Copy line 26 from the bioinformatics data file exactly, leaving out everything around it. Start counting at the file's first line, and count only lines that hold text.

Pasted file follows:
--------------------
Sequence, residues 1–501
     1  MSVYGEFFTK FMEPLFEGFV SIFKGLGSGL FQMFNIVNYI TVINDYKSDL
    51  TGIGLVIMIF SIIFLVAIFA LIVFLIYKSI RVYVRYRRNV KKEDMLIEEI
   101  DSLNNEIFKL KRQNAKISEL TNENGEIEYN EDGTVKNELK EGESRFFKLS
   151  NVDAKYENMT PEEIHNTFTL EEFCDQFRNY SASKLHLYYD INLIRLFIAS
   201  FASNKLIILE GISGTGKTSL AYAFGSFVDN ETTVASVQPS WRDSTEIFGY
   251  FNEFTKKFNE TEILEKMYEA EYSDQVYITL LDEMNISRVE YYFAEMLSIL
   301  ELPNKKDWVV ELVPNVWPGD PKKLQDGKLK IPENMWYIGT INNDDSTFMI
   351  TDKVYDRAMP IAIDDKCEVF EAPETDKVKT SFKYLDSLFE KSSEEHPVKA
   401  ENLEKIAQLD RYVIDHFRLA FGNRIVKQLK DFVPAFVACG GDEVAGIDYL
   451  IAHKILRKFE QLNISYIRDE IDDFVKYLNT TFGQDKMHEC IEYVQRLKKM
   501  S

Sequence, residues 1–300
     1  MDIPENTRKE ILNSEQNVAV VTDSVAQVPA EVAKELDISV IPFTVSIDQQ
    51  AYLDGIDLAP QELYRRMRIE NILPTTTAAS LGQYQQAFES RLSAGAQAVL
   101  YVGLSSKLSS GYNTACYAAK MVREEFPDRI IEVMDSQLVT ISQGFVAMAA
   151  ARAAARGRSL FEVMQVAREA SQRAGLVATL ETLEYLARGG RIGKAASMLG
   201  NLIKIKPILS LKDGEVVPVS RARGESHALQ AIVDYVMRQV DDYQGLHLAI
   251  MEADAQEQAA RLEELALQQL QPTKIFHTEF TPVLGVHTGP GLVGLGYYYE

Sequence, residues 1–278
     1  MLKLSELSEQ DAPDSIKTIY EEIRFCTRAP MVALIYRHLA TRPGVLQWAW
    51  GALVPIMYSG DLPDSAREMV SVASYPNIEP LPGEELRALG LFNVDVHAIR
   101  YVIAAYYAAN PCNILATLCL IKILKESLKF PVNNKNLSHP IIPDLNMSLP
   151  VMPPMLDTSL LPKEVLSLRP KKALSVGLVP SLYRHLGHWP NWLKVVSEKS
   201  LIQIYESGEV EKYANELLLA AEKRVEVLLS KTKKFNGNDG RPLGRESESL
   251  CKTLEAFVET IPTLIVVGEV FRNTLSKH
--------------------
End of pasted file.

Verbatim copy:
   251  CKTLEAFVET IPTLIVVGEV FRNTLSKH